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Coastal reservoirs as a source of nitrous oxide: Spatio-temporal patterns and assessment strategy
Science of The Total Environment, Volume: 790, Start page: 147878
Swansea University Author: Kam Tang
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Coastal reservoirs are widely used to solve the water scarcity problem in coastal cities. Because of anthropogenic wastes and alteration of hydroecological processes, these reservoirs may become hotspots for nitrous oxide (N2O) emissions. We measured the dissolved N2O concentrations and emissions at...
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Coastal reservoirs are widely used to solve the water scarcity problem in coastal cities. Because of anthropogenic wastes and alteration of hydroecological processes, these reservoirs may become hotspots for nitrous oxide (N2O) emissions. We measured the dissolved N2O concentrations and emissions at a high spatial resolution in a subtropical coastal reservoir in southeastern China, which was influenced by river runoff, aquacultural discharge, industrial discharge and municipal sewage. Both N2O concentration and emission showed large spatio-temporal variations correlated with nitrogen loading from the river and wastewater discharge. The mean N2O concentration and mission were significantly higher in the summer than in spring and autumn. Redundancy analysis showed that NH4-N explained the greatest variance in N2O emission, implying that nitrification was the main microbial pathway for N2O production. The mean N2O emission across the whole reservoir was 107 µg/m/h , which was more than an order of magnitude higher than that from global lakes and reservoirs. Based on Monte Carlo simulations, a minimum of 15 sampling points per km2 would be needed to produce representative and reliable N2O estimates in such a spatially heterogeneousaquatic system.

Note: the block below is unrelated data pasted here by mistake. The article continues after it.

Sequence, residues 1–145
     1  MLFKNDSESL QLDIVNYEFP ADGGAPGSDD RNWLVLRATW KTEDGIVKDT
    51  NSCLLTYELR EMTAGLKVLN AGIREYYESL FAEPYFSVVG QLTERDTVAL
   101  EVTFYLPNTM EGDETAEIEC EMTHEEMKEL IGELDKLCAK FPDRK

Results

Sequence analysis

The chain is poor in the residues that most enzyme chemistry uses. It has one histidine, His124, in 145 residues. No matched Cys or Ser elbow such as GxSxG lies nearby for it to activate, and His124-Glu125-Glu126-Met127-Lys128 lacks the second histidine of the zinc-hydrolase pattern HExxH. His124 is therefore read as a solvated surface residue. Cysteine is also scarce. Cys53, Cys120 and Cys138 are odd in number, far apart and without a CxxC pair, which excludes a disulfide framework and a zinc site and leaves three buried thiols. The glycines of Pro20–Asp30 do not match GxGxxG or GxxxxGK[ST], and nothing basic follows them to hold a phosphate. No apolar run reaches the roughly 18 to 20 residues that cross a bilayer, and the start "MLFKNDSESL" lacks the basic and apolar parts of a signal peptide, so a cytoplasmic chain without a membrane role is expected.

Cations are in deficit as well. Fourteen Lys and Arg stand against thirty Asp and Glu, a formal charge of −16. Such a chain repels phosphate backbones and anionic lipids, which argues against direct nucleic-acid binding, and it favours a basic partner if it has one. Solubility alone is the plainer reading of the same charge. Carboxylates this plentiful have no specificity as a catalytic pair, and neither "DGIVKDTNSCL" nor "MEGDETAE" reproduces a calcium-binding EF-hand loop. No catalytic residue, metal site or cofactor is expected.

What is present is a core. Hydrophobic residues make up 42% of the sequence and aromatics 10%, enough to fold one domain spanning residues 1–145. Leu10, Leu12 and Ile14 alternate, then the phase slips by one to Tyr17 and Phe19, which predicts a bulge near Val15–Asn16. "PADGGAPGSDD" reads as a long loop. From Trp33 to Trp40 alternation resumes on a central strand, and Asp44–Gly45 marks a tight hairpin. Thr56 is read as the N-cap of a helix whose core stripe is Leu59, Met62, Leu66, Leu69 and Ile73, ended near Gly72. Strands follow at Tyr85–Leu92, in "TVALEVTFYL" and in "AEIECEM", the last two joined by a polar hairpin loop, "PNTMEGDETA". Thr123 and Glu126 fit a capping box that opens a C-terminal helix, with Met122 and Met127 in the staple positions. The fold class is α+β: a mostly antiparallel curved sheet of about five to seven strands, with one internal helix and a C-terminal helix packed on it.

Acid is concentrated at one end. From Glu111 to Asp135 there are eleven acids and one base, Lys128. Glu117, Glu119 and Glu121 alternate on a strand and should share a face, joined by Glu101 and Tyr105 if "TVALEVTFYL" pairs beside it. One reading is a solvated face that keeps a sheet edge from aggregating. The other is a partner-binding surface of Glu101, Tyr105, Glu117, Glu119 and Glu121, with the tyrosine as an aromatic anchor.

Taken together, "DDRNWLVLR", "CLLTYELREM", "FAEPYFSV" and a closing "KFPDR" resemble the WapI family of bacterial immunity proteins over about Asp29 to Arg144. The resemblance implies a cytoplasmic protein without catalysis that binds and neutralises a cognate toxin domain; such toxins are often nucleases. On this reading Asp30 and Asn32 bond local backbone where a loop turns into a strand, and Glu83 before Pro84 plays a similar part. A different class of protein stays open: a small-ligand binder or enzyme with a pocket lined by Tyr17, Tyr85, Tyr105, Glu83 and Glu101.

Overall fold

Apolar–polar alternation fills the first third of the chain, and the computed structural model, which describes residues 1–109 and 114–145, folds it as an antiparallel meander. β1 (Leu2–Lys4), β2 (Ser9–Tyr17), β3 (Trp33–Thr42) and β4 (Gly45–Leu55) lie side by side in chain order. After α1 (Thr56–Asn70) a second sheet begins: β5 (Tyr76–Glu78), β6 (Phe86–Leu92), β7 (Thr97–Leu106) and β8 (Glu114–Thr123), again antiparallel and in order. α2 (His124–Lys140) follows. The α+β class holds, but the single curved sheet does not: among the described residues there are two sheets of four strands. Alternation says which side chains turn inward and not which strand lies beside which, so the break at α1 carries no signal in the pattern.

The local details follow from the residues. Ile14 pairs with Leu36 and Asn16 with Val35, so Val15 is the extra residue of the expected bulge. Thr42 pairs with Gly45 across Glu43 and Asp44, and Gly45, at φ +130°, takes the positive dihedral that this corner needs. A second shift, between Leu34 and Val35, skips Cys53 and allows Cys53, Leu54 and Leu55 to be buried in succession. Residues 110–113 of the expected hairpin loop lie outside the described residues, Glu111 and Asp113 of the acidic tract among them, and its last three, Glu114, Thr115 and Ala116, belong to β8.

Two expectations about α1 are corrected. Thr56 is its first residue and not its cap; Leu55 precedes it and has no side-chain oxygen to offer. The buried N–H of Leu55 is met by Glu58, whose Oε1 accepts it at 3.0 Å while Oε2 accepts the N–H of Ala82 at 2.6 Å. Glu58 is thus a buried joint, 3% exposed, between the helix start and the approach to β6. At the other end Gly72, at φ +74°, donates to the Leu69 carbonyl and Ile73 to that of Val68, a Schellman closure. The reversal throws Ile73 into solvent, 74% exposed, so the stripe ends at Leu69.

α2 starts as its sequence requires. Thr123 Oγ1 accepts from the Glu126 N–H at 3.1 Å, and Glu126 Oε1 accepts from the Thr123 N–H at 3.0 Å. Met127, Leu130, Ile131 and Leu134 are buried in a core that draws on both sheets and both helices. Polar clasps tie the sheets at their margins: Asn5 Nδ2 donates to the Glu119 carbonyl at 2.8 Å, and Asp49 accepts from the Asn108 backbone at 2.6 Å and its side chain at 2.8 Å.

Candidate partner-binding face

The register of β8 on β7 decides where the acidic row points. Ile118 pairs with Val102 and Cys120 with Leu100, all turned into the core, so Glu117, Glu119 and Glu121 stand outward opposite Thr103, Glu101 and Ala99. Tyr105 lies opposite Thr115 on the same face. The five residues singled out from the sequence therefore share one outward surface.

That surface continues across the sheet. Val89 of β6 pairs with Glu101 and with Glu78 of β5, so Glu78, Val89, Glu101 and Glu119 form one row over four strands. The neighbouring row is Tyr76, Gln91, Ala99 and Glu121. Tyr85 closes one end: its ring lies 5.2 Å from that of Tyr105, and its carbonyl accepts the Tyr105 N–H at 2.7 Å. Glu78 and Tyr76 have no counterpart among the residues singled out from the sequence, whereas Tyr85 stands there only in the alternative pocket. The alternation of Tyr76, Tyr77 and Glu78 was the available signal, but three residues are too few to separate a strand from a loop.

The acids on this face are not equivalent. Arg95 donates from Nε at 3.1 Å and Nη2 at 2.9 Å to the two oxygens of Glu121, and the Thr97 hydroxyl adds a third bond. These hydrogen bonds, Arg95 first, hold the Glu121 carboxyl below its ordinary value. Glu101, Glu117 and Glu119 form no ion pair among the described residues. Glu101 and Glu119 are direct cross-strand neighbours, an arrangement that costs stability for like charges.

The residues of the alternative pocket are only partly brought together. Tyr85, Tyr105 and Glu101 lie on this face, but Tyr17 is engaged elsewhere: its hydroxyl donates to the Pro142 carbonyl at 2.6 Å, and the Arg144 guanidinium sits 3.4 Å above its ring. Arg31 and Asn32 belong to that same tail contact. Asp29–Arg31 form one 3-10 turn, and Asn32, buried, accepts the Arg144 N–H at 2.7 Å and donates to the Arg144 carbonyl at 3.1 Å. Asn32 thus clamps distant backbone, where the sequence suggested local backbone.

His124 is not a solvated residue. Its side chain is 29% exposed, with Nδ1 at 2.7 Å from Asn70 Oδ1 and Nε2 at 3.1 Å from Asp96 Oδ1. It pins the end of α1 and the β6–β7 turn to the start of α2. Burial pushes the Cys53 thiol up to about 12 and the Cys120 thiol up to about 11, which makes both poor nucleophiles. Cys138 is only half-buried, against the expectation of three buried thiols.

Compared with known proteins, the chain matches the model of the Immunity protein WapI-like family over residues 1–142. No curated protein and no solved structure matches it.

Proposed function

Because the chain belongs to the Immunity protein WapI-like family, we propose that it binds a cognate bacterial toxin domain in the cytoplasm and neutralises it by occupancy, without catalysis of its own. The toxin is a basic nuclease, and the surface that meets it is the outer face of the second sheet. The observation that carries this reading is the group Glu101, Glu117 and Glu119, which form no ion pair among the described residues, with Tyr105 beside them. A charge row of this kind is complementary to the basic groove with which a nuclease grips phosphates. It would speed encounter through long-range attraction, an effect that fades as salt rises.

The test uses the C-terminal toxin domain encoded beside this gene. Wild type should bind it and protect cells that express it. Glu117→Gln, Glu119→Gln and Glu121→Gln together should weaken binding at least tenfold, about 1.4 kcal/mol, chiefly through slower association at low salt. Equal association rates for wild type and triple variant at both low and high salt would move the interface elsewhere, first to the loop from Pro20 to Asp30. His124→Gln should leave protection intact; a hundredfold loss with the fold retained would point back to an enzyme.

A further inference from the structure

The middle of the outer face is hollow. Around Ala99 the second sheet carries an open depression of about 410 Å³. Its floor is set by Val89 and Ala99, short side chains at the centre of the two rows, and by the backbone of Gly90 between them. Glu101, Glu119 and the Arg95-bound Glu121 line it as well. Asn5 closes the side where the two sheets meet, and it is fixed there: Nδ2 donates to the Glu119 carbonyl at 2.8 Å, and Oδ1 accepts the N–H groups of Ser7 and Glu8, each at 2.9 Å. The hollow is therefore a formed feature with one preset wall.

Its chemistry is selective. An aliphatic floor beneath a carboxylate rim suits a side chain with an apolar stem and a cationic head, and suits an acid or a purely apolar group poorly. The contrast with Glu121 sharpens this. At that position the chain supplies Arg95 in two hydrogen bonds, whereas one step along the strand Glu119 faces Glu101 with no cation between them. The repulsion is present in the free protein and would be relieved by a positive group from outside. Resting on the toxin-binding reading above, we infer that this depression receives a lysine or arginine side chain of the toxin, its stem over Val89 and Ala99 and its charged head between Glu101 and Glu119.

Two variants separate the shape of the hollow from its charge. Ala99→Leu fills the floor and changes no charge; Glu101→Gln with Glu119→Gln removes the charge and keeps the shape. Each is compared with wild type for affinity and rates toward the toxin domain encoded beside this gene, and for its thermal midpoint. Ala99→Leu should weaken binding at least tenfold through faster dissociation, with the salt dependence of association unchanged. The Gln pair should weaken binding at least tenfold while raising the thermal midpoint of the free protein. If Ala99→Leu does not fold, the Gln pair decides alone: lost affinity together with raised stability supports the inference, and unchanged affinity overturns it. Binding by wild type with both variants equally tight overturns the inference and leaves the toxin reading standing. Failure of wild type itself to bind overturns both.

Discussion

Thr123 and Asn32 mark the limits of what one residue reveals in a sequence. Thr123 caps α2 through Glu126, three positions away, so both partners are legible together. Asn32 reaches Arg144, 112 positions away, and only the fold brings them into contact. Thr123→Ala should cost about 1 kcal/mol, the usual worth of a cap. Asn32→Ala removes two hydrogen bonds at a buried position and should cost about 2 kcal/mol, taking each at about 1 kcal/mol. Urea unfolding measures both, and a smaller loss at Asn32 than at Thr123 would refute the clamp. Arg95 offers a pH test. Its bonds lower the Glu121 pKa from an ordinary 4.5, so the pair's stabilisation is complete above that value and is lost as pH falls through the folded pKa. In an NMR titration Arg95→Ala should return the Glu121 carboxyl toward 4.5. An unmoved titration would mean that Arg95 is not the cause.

Greenhouse gases; Water management; Nitrous oxide; Spatial heterogeneity; Wastewater discharge; Coastal reservoir
Faculty of Science and Engineering